GadgeTell Review: Wren V5BT Speaker (Rosewood)

Sections: Audio, Home Audio, Portable Audio, Reviews, Speakers

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If you haven’t noticed, there have been a lot (i.e. a flood) of new audio products hitting the market recently. New technologies and features have been added to speaker systems to add value and maintain a competitive edge.

Tablets and smartphones make it easier to enjoy music just about anywhere, but the quality of listening is starting to head back toward that of Hi-Fi. This is especially so in speaker systems that are portable or portable-enough.

While the Wren V5BT speaker requires a constant power connection, it’s small and light enough to be carried with ease. This small’ish speaker makes some bold claims, and oh boy does it back it up with a fervor.

Design & Controls

The [easyazon-link asin=”B00GOEN5AS” locale=”us”]Wren V5BT[/easyazon-link] has a unique, somewhat swanky design to it in a retro/throwback kind of way. The curves on each end is a refreshing departure from the typical, boxy shape that most speakers tend to adopt. It’s great when the Wren speaker is positioned so one can view it with perspective. But if it happens to be sandwiched between a couple of shelves, like in an entertainment cabinet, it’ll look boxy like most everything else.

Wren V5BT Speaker hand

If you like curves, it’s right there

The base of the Wren V5BT has a thick pad of silicone to keep the system set in place. You can play whatever music you want as loud as you want, and the speaker is not going to budge whatsoever (I tried).

The concave buttons on the side click nicely and are backlit as well. The controls are simple and more or less self-explanatory. You can toggle wireless and wired connectivity, and there is even a USB port in the back to charge a device (e.g. smartphone, MP3 player, etc.). It’s actually both thoughtful and handy, especially if you leave a USB cable right there.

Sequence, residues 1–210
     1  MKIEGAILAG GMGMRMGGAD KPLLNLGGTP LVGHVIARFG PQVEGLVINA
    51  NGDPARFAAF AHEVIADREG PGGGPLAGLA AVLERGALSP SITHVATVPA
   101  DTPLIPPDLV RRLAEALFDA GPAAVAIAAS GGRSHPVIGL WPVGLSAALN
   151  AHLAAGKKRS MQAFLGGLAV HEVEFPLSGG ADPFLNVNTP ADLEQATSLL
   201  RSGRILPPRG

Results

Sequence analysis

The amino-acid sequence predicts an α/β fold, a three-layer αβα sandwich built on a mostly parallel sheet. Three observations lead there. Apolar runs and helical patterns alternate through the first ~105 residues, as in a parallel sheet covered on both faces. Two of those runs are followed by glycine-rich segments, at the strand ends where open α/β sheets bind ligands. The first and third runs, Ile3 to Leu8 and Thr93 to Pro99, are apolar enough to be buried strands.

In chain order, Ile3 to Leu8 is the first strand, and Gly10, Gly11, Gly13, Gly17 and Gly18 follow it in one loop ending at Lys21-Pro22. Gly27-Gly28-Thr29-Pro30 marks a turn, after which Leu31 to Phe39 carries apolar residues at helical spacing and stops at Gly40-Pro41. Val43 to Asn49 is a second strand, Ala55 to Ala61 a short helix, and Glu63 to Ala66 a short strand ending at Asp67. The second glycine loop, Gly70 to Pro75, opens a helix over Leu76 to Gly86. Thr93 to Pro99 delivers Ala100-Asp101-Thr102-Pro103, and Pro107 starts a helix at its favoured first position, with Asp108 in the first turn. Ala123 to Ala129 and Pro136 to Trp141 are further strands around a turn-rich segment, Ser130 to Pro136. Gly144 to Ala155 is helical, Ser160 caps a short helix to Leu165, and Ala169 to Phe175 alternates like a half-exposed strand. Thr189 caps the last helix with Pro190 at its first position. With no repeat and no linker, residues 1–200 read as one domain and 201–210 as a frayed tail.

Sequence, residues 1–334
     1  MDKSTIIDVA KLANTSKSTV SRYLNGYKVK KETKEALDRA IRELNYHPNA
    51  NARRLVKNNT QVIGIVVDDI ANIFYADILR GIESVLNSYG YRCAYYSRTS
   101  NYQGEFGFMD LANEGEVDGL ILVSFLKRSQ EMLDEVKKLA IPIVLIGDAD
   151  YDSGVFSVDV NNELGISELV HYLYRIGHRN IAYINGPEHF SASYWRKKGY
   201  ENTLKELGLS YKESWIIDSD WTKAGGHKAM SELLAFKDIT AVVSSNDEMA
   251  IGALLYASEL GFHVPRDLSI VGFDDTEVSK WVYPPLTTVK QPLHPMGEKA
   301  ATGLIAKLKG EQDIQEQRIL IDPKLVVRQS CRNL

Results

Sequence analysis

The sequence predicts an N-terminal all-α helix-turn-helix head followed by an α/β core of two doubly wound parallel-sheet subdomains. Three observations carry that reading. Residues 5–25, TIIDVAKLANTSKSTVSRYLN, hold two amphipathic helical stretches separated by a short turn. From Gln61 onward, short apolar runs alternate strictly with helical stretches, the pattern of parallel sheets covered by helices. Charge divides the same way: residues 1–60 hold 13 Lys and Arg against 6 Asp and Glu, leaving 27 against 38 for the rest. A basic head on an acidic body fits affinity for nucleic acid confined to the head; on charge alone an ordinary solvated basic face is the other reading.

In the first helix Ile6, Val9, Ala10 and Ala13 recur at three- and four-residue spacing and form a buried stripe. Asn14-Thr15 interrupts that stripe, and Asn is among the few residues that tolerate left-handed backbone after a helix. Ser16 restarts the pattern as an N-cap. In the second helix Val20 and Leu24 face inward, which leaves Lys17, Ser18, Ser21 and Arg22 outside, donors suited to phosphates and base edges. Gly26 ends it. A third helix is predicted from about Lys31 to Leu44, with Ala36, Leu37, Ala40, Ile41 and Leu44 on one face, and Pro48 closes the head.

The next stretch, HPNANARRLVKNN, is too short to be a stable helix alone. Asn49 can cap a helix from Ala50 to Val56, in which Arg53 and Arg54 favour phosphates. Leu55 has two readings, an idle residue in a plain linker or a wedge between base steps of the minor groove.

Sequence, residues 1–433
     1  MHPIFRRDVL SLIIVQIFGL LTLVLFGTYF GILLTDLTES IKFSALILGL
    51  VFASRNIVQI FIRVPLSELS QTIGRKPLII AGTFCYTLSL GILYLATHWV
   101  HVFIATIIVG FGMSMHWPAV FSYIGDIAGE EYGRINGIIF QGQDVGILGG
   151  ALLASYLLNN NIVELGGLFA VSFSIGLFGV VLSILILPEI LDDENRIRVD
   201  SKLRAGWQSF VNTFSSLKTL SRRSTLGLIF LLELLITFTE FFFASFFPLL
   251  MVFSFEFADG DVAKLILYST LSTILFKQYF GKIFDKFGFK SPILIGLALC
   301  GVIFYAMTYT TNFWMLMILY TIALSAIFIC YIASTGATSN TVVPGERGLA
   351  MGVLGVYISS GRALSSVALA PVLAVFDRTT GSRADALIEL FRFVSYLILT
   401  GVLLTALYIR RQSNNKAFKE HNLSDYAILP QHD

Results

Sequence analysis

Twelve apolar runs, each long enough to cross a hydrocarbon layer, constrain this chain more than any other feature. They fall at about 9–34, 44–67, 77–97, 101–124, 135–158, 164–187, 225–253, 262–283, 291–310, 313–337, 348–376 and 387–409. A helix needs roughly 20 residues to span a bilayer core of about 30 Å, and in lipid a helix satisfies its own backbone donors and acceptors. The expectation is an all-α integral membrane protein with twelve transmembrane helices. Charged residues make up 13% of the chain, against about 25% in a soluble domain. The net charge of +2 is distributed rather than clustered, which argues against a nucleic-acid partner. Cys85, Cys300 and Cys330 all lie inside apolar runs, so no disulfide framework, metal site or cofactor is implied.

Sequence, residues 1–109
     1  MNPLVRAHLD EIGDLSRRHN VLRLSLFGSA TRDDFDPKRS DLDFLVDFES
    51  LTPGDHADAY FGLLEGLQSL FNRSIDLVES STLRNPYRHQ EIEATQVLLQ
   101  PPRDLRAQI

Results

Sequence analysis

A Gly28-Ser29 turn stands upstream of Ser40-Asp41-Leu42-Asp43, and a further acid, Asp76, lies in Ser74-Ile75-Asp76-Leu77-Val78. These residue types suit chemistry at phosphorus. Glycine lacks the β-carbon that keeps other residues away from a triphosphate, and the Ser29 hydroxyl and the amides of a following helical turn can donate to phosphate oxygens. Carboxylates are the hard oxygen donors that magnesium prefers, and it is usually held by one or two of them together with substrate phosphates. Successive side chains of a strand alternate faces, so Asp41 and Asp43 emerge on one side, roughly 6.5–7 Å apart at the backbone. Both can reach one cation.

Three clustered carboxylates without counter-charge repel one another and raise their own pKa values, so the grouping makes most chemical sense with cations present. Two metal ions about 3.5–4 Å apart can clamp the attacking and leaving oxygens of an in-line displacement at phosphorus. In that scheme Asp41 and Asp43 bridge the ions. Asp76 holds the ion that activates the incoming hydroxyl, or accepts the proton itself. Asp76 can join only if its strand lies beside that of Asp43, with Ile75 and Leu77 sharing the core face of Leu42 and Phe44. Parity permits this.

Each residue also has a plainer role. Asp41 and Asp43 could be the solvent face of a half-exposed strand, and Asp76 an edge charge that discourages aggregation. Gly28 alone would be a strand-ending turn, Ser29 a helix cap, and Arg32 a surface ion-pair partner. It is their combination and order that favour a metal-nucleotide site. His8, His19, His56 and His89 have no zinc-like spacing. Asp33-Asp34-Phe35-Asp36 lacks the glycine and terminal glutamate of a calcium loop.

I have a love-hate relationship with the overall look of the Wren V5Bt. I really like the dark Rosewood, even it’s just veneer. It’s smooth and maintains a clean polish. The speaker has even more wood – it’s what the interior cabinet is made of.

Wren V5BT Speaker veneer

Slight imperfections add character

The MDF (medium density fiberboard) is denser and stronger than plywood and particle board. This construction is likely what leads to a lighter speaker with true-sounding timbre.

That’s where my liking for the material ends. I think that the style and/or color of the front grill cheapens the appearance of the Wren V5BT speaker.

It’s plastic and looks it. Black or charcoal-gray would have been a much better choice. Or at least something darker that looked far less artificial. At least with the Rosewood coloration.

Sound Quality

When it comes to the Wren V5BT speaker, you can expect big sound that carries across and through rooms. Like most speakers, the music will start to distort as the volume gets close to maxing out. However, the vocals maintain a strength and clarity that’s relatively untouched by extreme volume output.

The Wren V5BT speaker projects forward very well – almost too well. Even though I can hear music from all around it, there seems to be a “cone of ideal listening.” This cone is approximately a 70 degree arc from the speaker’s center, from about 8 feet away. While standing in this cone, I bask in the Wren’s intense beam of musical energy and all of its glory.

Wren V5BT Speaker bottom

Blast as loud as you want – this pad is serious about no budging

Once I move outside this area, the sound changes. It’s sort of like side-stepping out of the direct sun into partial shade. Some of the details fade out some and are a little bit harder to pick up on. Mostly from the speaker side I’m moving away from. With this in mind, proper placement of the Wren speaker should be top priority. You’ll want to be front and center to get the full experience.